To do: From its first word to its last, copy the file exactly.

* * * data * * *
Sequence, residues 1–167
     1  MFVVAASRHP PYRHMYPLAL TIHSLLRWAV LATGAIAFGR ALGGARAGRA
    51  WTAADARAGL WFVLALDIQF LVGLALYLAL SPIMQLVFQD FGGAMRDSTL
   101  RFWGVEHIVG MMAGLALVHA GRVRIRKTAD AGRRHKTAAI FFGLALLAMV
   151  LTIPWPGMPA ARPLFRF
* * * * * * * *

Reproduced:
Sequence, residues 1–167
     1  MFVVAASRHP PYRHMYPLAL TIHSLLRWAV LATGAIAFGR ALGGARAGRA
    51  WTAADARAGL WFVLALDIQF LVGLALYLAL SPIMQLVFQD FGGAMRDSTL
   101  RFWGVEHIVG MMAGLALVHA GRVRIRKTAD AGRRHKTAAI FFGLALLAMV
   151  LTIPWPGMPA ARPLFRF